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Tác giả: Haruki Murakami
Thể loại: Tiểu Thuyết
Biên tập: Truong Ngoc Tuan
Upload bìa: Minh Khoa
Language: English
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Chapter 7: Before The Strange Man
A Wild Sheep Chase, I
There are various reasons why an individual might habitually consume large quantities of alcohol, but they all effectively boil down to the same thing.
Five years ago, my business partner was a happy drunk. Three years later, he had become a moody drunk. And by last summer, he was fumbling at the knob of the door to alcoholism. As with most habitual drinkers, he was a nice-enough, regular-if-not-exactly-sharp kind of guy when sober. Everyone thought of him as a nice-enough, regular-if-not-exactly-sharp kind of guy. He thought so too. That’s why he drank. Because it seemed that with alcohol in his system, he could more fully embody this idea of being that kind of guy.
Things were fine at first. But as time went on and the quantity of alcohol increased, subtle changes occurred, and these subtle changes gradually wore into a deep rut. His regularity and nice-enoughness got ahead of him, excessively so. A typical case. Typically, however, people don’t think of themselves as typical cases. And not-exactly-sharp types even less so. The attempt to regain sight of what he’d lost sent him wandering in an even thicker alcoholic fog.
Still, at least for the time being, he was a regular guy until the sun went down. And since for years now I had made a conscious effort not to meet up with him after sunset, as far as I was concerned he was regular enough. Even so, I knew full well that after sunset he became not quite regular, and he himself knew it too. As neither of us would ever broach the subject, we got along the same as always. We just weren’t the friends we had once been.
While I can’t say I understood him one hundred percent (even seventy percent would have been doing well), for what it was worth, he had been my only friend in college, and it wasn’t easy watching him deteriorate from close up. Ultimately, I guess, that’s what age does.
By the time I’d get to the office he’d already had one shot of whiskey. As long as it was one shot, he could be mister regular, but there was no telling when he’d up his regular to two. When that happened, I knew we’d have to go our separate ways.
I was standing in the gust of the air conditioner, letting my sweat dry as I sipped a cool glass of barley tea. I wasn’t saying anything. He wasn’t saying anything. The harsh afternoon sun spilled across the linoleum floor in hallucinatory sprays. Below, on the park’s expanse of greenery, people lay on the grass sunning themselves. My partner tapped at the palm of his right hand with the tip of a ballpoint pen.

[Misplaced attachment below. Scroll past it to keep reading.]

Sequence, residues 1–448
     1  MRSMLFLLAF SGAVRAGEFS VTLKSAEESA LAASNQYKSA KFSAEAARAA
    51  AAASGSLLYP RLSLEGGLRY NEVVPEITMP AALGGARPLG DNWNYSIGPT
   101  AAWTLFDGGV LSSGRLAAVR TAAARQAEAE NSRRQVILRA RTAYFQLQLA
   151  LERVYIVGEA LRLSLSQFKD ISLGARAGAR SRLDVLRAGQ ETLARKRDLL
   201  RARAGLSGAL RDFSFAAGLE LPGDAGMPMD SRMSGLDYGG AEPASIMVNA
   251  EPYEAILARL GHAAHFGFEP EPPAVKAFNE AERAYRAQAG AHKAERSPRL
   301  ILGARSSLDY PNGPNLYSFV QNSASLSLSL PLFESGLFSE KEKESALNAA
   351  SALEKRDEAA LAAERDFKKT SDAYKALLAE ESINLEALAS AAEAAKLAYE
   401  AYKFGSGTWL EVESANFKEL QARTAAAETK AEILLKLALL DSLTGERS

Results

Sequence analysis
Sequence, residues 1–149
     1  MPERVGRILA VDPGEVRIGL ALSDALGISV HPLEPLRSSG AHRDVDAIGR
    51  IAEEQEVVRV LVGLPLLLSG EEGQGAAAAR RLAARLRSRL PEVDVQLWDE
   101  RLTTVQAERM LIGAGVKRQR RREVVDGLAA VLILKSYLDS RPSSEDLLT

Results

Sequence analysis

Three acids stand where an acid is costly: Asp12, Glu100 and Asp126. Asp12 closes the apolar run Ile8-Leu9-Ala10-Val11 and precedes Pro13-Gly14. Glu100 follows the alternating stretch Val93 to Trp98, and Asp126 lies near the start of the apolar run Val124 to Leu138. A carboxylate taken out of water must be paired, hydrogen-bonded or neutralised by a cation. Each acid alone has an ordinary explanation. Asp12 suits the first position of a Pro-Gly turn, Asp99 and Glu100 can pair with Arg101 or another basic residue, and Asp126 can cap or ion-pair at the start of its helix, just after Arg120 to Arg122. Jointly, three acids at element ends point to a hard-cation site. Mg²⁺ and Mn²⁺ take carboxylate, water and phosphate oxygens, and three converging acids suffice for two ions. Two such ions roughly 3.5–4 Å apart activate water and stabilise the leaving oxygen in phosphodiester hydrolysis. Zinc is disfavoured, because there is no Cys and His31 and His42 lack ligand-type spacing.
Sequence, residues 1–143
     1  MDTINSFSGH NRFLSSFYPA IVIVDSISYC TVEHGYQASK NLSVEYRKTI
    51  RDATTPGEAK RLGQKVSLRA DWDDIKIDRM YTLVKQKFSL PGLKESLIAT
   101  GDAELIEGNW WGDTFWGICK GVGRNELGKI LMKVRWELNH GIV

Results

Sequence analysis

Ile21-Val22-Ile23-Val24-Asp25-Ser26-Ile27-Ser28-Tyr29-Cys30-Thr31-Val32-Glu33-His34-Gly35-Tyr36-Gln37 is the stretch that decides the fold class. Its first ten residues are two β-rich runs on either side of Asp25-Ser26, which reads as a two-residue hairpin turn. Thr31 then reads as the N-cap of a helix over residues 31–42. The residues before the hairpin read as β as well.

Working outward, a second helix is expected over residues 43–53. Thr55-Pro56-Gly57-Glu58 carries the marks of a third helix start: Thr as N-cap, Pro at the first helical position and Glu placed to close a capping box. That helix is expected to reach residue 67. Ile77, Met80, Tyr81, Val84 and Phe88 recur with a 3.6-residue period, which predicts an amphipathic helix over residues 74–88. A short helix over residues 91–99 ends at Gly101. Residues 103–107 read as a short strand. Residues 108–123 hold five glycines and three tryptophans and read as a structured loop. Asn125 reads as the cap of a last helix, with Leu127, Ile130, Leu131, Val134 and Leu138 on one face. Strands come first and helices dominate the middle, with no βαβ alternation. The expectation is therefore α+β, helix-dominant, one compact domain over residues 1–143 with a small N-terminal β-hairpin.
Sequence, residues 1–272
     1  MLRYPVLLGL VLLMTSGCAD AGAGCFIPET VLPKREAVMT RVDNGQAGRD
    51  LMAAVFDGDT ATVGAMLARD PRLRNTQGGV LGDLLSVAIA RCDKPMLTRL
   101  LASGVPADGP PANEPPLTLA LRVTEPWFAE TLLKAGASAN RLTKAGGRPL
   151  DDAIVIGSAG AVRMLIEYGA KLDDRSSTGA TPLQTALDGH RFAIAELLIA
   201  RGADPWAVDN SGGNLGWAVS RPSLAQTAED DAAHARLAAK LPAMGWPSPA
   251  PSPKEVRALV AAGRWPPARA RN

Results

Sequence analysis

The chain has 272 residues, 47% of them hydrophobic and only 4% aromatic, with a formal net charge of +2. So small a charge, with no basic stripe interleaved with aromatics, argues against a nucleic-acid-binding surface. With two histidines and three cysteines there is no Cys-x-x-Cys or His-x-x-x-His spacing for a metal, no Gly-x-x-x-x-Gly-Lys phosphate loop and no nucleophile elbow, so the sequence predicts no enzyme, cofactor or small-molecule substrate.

“I hear you got divorced,” he started.
“That was news two weeks ago,” I said, still staring out the window. I took off my sunglasses, and my eyes hurt.
“So why’d you get divorced?”
“Personal reasons.”
“I know that,” he said. “Never heard of a divorce for other than personal reasons.”
I said nothing. Didn’t we have a long-standing unspoken agreement never to touch upon each other’s private affairs?
“I don’t mean to pry,” he said, “but she was a friend of mine too. It came as a shock. I thought you two were always so close.”
“We always were close. It’s not like we parted on bad terms.”
My partner smirked, continuing to tap the palm of his hand with the pen. He was wearing a deep-blue shirt with a black tie, hair neatly combed, cologne. While I was in a T-shirt with Snoopy carrying a surfboard, old Levi’s that had been washed colorless, and dirty tennis shoes. To anyone else, he clearly was the regular one.
“You remember when she and the two of us worked together?”
“I remember very well,” I said.
“Those were happy times,” my partner said.
I moved away from the air conditioner, walked over to the center of the room, and dropped myself down on the plush sky-blue Swedish sofa. I extracted a filter-tip Pall Mall from the special visitors’ cigarette case and lit up with the heavy tabletop lighter.
“So?” I said.
“So what I’m saying is maybe we’ve overextended ourselves.”
“You talking about the ads and magazine work?”
My partner nodded, though it must have been hard for him to admit it. I weighed the lighter in my hand, turned the screw to adjust the flame, and felt sorry for him.
“Okay, I know what you’re trying to say,” I said, returning the lighter to the table, “but remember, I wasn’t the one who brought in the business, and it wasn’t my idea to do this work. You walked in with it. You’re the one who wanted to give it a go.”